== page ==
Brian McLaren, in his new book Naked Spirituality, raises this intriguing question: Why do so many people say “I’m not religious but I am spiritual . . .” And what do they mean when they say this to us or to others?
McLaren reasons that he began as a religious young man but he was plunged into spirituality one night under the stars where he countered the living God in an experience that he describes with great care and caution. He then says a lot of folks he meets feel a real tension between religion and spirituality. I have discovered the same thing in my conversations and experiences with people. Brian says he follows this comment with a question and I’ve done the same. “I’m curious. What do you mean by ‘spiritual’?”
Brian says that four answers come up again and again. As I read these I ticked off each one and said, “That is precisely what I’ve also discovered.”
First, people say “I’m spiritual” with reference to secular science, politics and other areas of thought that do not have answers that satisfy their inner longings. They believe life must have a sacred dimension that can’t be reduced to formulas, rules and numbers. They have deep hungers and desires that cannot be fed by facts. (He adds more about what he calls the quasi-religious “invisible market.” I’ve asked Brian to elaborate on this kind of terminology and remain convinced he is reacting to a stereotype of the market that I believe fosters the expression of human freedom. When I once asked him what kind of economic system would be most likely to life the truly poor out of poverty in Africa his answer, in effect, was some version of the free market. My own guess is that Brian has not studied market theory or seen the importance of freedom in the same way that I have.)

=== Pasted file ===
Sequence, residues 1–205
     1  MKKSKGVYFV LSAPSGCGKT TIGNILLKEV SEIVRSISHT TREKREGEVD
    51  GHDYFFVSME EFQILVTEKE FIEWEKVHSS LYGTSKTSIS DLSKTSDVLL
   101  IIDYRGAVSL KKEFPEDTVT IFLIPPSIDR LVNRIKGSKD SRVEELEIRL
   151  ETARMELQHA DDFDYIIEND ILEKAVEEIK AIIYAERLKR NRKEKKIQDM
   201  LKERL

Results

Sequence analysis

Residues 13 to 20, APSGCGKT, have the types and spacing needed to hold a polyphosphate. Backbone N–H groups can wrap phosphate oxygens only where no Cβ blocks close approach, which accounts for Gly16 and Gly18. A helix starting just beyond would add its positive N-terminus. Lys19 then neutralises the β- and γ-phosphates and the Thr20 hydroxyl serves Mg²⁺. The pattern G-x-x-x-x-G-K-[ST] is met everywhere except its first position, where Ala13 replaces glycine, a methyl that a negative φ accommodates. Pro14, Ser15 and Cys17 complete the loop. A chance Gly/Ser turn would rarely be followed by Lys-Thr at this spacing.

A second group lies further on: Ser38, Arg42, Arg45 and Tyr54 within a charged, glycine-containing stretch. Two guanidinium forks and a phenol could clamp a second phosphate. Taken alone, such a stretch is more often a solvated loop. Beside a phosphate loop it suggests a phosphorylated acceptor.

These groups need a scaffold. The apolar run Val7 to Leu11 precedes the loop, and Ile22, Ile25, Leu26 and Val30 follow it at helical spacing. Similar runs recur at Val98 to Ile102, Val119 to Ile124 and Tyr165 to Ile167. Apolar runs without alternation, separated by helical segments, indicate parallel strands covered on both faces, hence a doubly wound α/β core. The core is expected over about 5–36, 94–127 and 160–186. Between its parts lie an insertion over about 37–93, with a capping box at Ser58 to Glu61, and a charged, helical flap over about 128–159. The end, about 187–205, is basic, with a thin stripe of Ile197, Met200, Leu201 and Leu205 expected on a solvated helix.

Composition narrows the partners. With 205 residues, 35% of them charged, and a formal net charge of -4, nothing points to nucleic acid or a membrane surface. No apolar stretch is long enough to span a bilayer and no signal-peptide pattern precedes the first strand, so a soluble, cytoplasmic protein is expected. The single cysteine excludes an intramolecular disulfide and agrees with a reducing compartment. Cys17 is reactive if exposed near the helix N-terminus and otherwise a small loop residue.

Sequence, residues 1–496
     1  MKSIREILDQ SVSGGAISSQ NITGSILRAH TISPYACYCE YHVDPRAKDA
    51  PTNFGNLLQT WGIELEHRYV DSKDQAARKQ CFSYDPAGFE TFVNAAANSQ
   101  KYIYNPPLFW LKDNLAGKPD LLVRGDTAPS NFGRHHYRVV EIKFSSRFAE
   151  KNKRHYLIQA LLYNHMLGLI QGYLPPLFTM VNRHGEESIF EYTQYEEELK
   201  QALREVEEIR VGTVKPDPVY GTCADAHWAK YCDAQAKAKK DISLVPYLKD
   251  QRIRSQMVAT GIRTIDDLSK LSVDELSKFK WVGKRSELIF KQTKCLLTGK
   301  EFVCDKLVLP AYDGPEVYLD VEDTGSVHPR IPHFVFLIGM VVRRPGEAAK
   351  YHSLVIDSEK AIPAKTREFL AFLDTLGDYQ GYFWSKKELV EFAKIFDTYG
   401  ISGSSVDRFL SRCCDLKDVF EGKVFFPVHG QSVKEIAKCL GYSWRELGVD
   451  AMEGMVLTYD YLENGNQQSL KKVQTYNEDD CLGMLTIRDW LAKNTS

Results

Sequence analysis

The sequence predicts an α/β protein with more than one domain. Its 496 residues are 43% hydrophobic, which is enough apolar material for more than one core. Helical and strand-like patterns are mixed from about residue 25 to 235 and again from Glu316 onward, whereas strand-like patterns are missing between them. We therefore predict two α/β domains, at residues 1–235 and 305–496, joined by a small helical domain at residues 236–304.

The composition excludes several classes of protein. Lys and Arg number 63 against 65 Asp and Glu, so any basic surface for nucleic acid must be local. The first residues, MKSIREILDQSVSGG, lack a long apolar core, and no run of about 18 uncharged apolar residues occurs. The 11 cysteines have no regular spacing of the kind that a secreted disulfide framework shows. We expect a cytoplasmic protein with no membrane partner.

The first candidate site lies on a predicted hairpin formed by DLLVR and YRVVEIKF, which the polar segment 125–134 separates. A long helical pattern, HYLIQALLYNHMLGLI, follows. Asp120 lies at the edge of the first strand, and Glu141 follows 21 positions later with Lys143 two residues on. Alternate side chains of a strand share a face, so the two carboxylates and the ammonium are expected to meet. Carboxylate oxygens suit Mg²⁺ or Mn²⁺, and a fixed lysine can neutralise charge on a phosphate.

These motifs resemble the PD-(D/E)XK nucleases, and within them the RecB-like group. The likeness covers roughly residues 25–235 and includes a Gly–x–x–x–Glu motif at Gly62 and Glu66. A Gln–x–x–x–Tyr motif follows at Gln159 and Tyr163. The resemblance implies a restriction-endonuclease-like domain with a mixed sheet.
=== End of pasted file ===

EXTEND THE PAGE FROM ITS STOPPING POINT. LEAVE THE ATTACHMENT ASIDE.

Second, people who answer in this way mean that organized religion doesn’t have all the answers either. They are convinced that religious institutions are too complicit in many of the world’s problems and this leads religious adherents to often miss the point. I agree with this reason completely.
Third, the word “spiritual” signals for people an inner sensitivity to aliveness, meaning and sacredness in the universe. They cannot assign God, heaven, meaning, values, souls, worship and the afterlife to the sacred while things like human bodies, animals, plants, the earth and daily life are secular. People want to wed body and spirit, creation and spiritual life, eternity and now. McLaren right notes that the correct word for what people want is communion, not union. Union focuses on the fusion of the two and the separation and division of the other. But the two remain two, but in love are intimately joined in communion. This is clearly a Christian way to express this reality people long for spiritually.
Fourth, spiritual people seek practical ways to nourish that sense of integration and communion spoken of in number three. Spiritual people have, or wish they had, a set of moves, practices, rhythms, habits or practices that allowed them to live with a greater sensitivity to sacred aliveness.
The truth is, McLaren right notes, these four characteristics are at the very heart of all true religion, especially the Christian religion. He notes that different denominations and families have differing ways of describing and relating how to know God and relate to him but they all seek for the same goal. This bonding and uniting again with God and his created world is deeply Christian spirituality, not some bizarre mysticism from somewhere else. McLaren demonstrates this very plainly and helpfully.
All of this search for spirituality is summed up in love. When we love we know God and others in the way he desires us to know them.
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